What factors affect a patient's ability to remember information from our counseling session, and what factors can I control? It seems that I am repeating myself too often from session to session with my patients.
Great question. Margolis (2004) found that in a typical healthcare counseling session, patients forget approximately 50% of the information immediately and remember another 25% wrong. That means they're only correctly remembering 25% of our counseling. Fortunately, we are able to predict what information is most likely to be remembered. In a learning situation, people remember best what is presented first, and then second best what is presented last;this is known as primacy and recency effects (Sousa, 2006). He also looked at factors affecting recall, and there were some interesting findings. A patient's level of education, intelligence, and the severity of the diagnosis did not have an effect on the ability to remember information from counseling. Their familiarity with the topic did have an effect;if they were familiar with the subject they had better recall. Likewise, their expectation had an effect;if the diagnosis was expected they had better recall of the information than if it was unexpected. Denial, not surprisingly, had a negative impact on recall.
I would recommend focusing on communicating the most important information at the beginning of the counseling session and then summarizing at the end. While many of us were taught to thoroughly explain every test that was performed and "teach" the audiogram, this large amount of information will likely make it more difficult for your patient to understand and remember your core message. So, consider putting down the audiogram or a least using it strategically (e.g. use familiar sounds audiogram or only review it if the patient expresses an interest in the X's and O's). If it feels that you are repeating yourself in counseling sessions, you are probably on the right track. Repetition is essential for conveying key results and recommendations. Verify that your patients understand their overall results by checking for comprehension before moving on to the next topic and keep track to see if they are following through with your recommendations. This will help you gauge whether you need to readjust your counseling to improve your patient's experience. Also consider simplifying your message, avoiding jargon, and initially focusing your counseling on the patients' needs and questions (i.e. the reasons that brought them in).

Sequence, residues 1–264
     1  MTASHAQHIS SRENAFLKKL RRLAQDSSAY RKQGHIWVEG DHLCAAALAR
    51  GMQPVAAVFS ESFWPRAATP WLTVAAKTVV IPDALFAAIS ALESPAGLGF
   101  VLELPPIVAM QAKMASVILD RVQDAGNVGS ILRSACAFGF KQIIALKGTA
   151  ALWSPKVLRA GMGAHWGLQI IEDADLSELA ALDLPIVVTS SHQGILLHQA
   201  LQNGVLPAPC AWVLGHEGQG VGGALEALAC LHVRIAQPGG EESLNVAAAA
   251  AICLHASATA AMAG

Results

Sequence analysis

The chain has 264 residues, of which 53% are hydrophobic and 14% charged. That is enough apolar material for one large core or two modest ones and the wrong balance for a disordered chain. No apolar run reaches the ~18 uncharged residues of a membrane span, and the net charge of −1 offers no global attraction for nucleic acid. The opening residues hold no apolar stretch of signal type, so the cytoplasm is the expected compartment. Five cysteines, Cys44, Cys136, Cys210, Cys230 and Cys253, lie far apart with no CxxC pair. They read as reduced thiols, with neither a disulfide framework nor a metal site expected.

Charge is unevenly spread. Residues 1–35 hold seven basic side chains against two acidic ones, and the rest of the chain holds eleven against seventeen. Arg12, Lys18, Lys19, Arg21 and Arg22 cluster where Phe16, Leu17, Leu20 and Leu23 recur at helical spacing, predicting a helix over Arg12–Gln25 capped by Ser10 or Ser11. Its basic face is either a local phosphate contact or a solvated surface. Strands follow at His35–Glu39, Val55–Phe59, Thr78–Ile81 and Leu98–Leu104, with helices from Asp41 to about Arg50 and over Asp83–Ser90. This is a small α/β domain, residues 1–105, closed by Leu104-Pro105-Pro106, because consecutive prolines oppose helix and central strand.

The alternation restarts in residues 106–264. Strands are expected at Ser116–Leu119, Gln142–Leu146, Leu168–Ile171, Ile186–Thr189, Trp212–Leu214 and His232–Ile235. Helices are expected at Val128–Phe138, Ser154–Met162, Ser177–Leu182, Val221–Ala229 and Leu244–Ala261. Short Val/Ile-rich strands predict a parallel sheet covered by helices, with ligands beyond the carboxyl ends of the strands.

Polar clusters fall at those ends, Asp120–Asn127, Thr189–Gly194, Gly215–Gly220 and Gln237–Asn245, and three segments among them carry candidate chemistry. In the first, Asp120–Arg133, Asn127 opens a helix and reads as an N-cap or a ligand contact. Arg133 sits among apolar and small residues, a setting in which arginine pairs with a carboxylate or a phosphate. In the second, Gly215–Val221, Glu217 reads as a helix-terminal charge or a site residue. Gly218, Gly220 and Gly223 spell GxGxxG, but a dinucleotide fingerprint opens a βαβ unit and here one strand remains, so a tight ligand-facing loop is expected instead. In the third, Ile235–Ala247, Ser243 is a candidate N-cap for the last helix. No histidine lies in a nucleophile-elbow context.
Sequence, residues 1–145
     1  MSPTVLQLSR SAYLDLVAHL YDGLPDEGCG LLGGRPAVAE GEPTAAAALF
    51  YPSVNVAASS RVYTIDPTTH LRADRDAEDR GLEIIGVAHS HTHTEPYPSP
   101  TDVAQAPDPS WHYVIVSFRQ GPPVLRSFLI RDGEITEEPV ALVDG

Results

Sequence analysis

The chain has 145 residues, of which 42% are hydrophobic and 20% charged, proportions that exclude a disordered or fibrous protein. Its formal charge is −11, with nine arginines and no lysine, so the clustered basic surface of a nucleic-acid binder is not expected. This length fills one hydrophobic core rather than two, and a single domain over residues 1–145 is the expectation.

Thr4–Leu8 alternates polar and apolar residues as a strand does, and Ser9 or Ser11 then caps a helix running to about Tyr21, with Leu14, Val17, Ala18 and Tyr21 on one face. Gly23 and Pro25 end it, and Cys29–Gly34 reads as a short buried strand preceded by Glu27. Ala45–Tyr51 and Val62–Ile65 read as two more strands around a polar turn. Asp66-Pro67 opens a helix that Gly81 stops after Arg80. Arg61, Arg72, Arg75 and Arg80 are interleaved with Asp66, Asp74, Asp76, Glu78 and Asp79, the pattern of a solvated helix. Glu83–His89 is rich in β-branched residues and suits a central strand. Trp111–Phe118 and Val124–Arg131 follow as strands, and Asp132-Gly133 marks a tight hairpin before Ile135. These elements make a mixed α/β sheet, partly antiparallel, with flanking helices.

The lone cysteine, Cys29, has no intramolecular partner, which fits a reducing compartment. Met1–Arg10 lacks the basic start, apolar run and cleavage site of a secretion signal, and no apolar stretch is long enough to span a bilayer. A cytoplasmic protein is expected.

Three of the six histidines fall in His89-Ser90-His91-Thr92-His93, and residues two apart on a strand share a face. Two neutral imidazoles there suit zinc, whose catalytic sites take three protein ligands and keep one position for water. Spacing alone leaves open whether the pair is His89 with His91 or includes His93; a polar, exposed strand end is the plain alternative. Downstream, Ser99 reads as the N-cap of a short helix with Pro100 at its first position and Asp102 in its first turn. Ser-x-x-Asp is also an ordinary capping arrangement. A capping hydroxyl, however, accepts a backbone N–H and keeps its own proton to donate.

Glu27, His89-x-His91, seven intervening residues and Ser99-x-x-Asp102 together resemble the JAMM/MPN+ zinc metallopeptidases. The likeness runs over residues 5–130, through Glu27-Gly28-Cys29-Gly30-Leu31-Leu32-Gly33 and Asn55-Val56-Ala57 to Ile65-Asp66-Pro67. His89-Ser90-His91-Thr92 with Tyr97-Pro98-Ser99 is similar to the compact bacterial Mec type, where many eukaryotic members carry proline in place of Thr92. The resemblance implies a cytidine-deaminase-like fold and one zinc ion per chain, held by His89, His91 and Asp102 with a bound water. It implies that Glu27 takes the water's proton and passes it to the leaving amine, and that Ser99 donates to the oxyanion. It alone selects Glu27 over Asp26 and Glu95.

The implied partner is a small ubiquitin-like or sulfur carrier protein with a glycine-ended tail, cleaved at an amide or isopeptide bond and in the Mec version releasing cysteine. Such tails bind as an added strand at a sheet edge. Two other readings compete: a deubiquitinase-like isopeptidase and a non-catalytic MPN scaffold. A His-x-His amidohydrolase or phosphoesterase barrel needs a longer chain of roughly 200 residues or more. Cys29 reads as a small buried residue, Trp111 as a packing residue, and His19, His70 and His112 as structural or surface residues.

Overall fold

Finally, be sure to provide colorful, personalized summaries of information for them to take home. Many studies have shown that providing written materials to patients post consultation can have a significant, positive influence upon their recall of clinical information and advice. Focusing on these areas can quickly improve your patient's level of satisfaction, ensure that your recommendations are being followed, and ultimately decrease your tested-not-sold rate.
Thanks for your question. Please visit www.CounselEAR.com for information about a tool we have developed to assist with patient retention of clinical information.
Or Click Here to view a sample Patient Report.
Margolis, R.H. (2004). Informational counseling in health professions: What do patients remember? Retrieved on February 21, 2011, from www.audiologyincorporated.com
Sousa, David A. (2006). How the Brain Learns. 3rd Ed., Thousand Oaks, CA: Corwin Press.
(Link included: counselear.com/Help/sample_patient_report.pdf)
Brian Urban, Au.D. is the President and co-founder of CounselEAR: Audiologist's Online Report Writer and owner of Advanced Hearing and Balance Center in Evanston, Illinois. He can be contacted at brian.urban@CounselEAR.com or at 888-516-4281. You may also learn more about CounselEar at the CounselEar web channel on AudiologyOnline.